Deciphering deuterostome phylogeny: molecular, morphological, and palaeontological perspectives

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CHAPTER 9

Deciphering deuterostome phylogeny: molecular, morphological, and palaeontological perspectives
Andrew B. Smith and Billie J. Swalla

9.1

Introduction

Deuterostomes form one of the three major divisions of the Bilateria and are sister group to the Lophotrochozoa plus Ecdysozoa (Eernisse and Peterson, 2004; Philippe et al., 2005a; Telford et al., 2005; Dunn et al., 2008).Traditionally the group was recognized on the basis of a shared embryonic development pattern: gastrulation occurs at the vegetal pole and the blastopore becomes the anus, while the mouth forms secondarily (Chea et al., 2005). Analysis of molecular data has consistently found the deuterostome grouping, with generally high levels of support (Turbeville et al., 1994; Wada and Satoh, 1994; Halanych etal., 1995; Cameron et al., 2000). Five major clades make up the Deuterostomia: craniates, cephalochordates, echinoderms, hemichordates, and tunicates (see Figure 9.1). Because vertebrates, including ourselves, belong to the craniates, there has long been a fascination about their invertebrate origins. Theories of chordate evolution have abounded for over 100 years, but it is only in the last 10 to15 years that deuterostome relationships have come into sharp focus, driven largely by new data from molecular genetics and the fossil record, and new analyses of traditional morphological and ontogenetic data. From this plethora of information, some complementary, others supporting contradictory conclusions, a more coherent picture of the phylogeny and early evolution of deuterostomes is startingto emerge. Here we review four key areas where there has been the most heated debate in the last 5 years: phylogenetic relationships of the major deuterostome groups; the earliest fossil record and
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divergence times of deuterostome groups; the evolution of body axes; and the characteristics of the ancestral deuterostome body plan.

9.2 Deuterostome phylogenetic relationships
Until 10years ago there was little consensus about the relationships of the major deuterostome groups (see reviews by Gee, 1996, and Lambert, 2005). Depending upon whether emphasis was given to comparative adult morphology, embryology, or the fossil record, different sister-group relationships could be argued. Larval traits provided support for a grouping of echinoderms and hemichordates (Hara et al., 2006;Swalla, 2006), adult traits provided support for a grouping of hemichordates and chordates (Cameron et al., 2000) while palaeontological data were used to support an echinoderm– chordate pairing (Gee, 1996). Probably the most widely accepted view in the mid-1990s was that echinoderms were sister group to the rest and that chordates and hemichordates were sister taxa [i.e. (echinoderms{hemichordates [tunicates (cephalochordates craniates)]})]. With the arrival of molecular data the problem of deuterostome relationships seemed to be solved. Early results were based on analyses of ribosomal gene sequences and pointed to echinoderms and hemichordates as sister groups (Turbeville et al., 1994; Wada and Satoh, 1994) and to a monophyletic Chordata comprising tunicates, cephalochordates, andcraniates (Turbeville et al., 1994). Within the chordates, tunicates were identi ed as sister group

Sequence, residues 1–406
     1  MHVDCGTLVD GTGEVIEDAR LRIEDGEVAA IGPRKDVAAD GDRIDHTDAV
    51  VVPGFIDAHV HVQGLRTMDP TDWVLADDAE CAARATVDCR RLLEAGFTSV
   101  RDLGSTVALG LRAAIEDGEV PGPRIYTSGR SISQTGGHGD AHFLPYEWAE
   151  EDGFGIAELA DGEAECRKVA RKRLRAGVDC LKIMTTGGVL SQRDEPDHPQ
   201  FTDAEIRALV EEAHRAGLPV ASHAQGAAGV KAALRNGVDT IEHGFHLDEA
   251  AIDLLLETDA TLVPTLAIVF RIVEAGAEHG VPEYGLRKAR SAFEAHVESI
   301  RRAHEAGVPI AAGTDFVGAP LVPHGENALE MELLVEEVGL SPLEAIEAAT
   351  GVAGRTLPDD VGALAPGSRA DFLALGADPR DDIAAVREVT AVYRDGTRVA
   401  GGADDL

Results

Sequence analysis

DEUTEROSTOME PHYLOGENY

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Xenoturbellida Crinoidea Echinodermata Asteroidea Ophiuroidea Holothuroidea I Echinoidea Pterobranchia

Hemichordata

Harrimaniidae Ptychoderidae Cephalochordata Phlebobranchia Thaliacea II

Tunicata

Aplousobranchia Appendicularia Stolidobranchia MolgulidaeVertebrata

Figure 9.1 Current deuterostome phylogeny, according to available molecular and morphological data. Dotted lines show clades of uncertainty where conflicting data have been obtained; I and II mark clades where the evidence for a monophyletic group is very high. I, Ambulacraria is made up of hemichordates and echinoderms. Mitochondrial, ribosomal and genomic evidence are in agreement...
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